Star Trek: The Original Series

"Court Martial"


Air date: 2/2/1967
Teleplay by Don M. Mankiewicz and Steven W. Carabatsos
Story by Don M. Mankiewicz

Review by Jamahl Epsicokhan

In an episode of Trek courtroom drama, Kirk is accused of negligence in the death of Lt. Cmdr. Ben Finney and subsequently burdened with becoming the first Starfleet captain to face a court-martial proceeding.

This episode is a bit of a mixed bag, benefiting from some very nicely staged and acted courtroom scenes, including the use of Elisha Cook Jr. as Kirk's interesting defense lawyer Samuel T. Cogley. Watching Kirk in 100 percent "Kirk mode" (as only Shatner could play him) is entertaining, as he demands the court martial when Commodore Stone (Percy Rodriguez) recommends Kirk resign his commission to avoid bringing humiliation upon himself and the uniform. Working against the episode is the concept of why this court martial is taking place in the first place. I find it a little hard to believe that the death of an officer in this particular instance would be so much different in presumed fault than the average "red-shirt" death—at least not to the degree of perjury accusations.

I also find it hard to believe that the excessively crazy Finney (an over-the-top Richard Webb), as it turns out, staged his own death and rigged the whole episode to gain some sort of elaborate revenge upon Kirk. Too bad—it's an enjoyable view; it just doesn't bear much motivational scrutiny.

Previous episode: Tomorrow Is Yesterday
Next episode: The Return of the Archons

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5 comments on this review

Tue, Jul 24, 2012, 1:31am (UTC -5)
What I like about this episode is the utter certainty that Spock and McCoy demonstrate in Kirk's character and command ability. The prosecutor can't shake them into saying that Kirk might have made a mistake--she can only get them to say that it's hypothetically possible that SOMEONE could make that mistake.

Both Spock and McCoy are known to criticize Kirk's decisions frequently, but when someone else tries, they close ranks and step in front of him. That's because they have earned the right, both as proven senior officers and proven friends, to hold mirrors up to Kirk--precisely BECAUSE they respect him so much. They aren't about to let others, even an impersonal system, get away with it.

However, I didn't quite get why Spock beating the computer at chess was the golden piece of evidence. How did it indicate that the computer's program banks were tampered with? Did Finney stop to alter the chess program when he altered the tapes?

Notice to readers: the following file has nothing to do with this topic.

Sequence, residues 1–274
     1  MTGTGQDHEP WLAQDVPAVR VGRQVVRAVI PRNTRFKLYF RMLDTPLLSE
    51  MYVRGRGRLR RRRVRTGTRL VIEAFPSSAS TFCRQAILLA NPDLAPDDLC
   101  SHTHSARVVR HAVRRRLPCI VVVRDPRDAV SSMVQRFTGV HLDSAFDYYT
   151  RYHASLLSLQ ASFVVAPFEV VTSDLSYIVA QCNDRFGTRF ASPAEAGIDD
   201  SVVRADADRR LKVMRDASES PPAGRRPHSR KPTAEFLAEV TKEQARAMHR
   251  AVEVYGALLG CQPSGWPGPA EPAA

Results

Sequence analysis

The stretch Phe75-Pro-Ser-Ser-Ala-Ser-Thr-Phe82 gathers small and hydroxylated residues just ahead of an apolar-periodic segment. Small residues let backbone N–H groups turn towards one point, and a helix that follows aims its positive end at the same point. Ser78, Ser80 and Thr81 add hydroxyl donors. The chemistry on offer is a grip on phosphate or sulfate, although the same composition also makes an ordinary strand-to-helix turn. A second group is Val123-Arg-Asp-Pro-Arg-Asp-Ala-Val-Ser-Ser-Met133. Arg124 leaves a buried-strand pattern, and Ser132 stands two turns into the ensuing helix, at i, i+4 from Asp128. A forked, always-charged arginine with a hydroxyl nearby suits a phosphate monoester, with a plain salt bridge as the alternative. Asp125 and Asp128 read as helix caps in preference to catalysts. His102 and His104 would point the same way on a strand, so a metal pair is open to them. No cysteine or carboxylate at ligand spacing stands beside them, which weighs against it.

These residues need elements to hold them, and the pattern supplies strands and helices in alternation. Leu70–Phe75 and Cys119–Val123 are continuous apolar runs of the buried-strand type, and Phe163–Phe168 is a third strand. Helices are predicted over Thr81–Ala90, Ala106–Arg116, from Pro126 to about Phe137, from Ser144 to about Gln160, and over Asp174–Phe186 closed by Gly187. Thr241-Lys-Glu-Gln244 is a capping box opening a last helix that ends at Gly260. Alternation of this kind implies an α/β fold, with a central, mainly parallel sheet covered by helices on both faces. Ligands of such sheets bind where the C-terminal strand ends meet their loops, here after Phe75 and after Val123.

Wed, Mar 19, 2014, 9:53am (UTC -5)
Come on Jam Man, this is a four star episode. Absolutely gripping, a nice Man vs Machine subplot, Kirk is magnificent in the way he chews scenery, and the over the top flirting is totally funny. Not to mention that this is the bedrock of all other Trek Courtroom episodes.
Thu, Apr 3, 2014, 10:14pm (UTC -5)
Jammer brings up the same points I always thought as well, but.... I love this episode anyway. Mccoy using a vibrator to silence heartbeats until u hear only finneys, best part.

3+ STARS 4 me
Mon, Sep 8, 2014, 11:36pm (UTC -5)
What I liked about this episode is that except for "The Menagerie," it's the first one that gave you some sense of how this Federation works -- that it was more than one spaceship doing whatever it damn well wanted.

There was a structure behind it all, and we got a brief glimpse at that.
Mon, Dec 1, 2014, 11:01am (UTC -5)
I loved this episode, esp. the courtroom scenes, where Samuel T. Cogley is arguing the merits of man vs. machine. It reminded me of a very different courtroom scene on TNG, where Data's very status as a living being was on trial, in "The Measure of a Man". I wonder what Mr. Cogley would have thought of the JAG's ruling in that case (hell, with life spans the way they are in the 23rd and 24th centuries, he might have been alive to hear about it. Unless he's such a Luddite that he'd refuse medical assistance to stretch his lifespan).

I also enjoyed the fact that the "white noise maker/silencer" is just a microphone. :p Also, that the heartbeats are amplified, but no other bodily organ/process is. We should be hearing a deafening whirr of the computer's instruments, and loud burbles of gas moving through several colons. :D

80 years later on the Enterprise D, all they'd have had to do was ask the computer, "Where is Lt. Cmdr. Finney?" or that didn't work, scan the ship for life signs and pinpoint his location that way.

And you've got a point, Jammer, about why in the heck this particular officer death would be suspect at all. I guess it's because it happened on-ship, not on an alien world or due to any alien/viral influence, and because the computer logs quickly put Kirk's remembrance of the situation into question.

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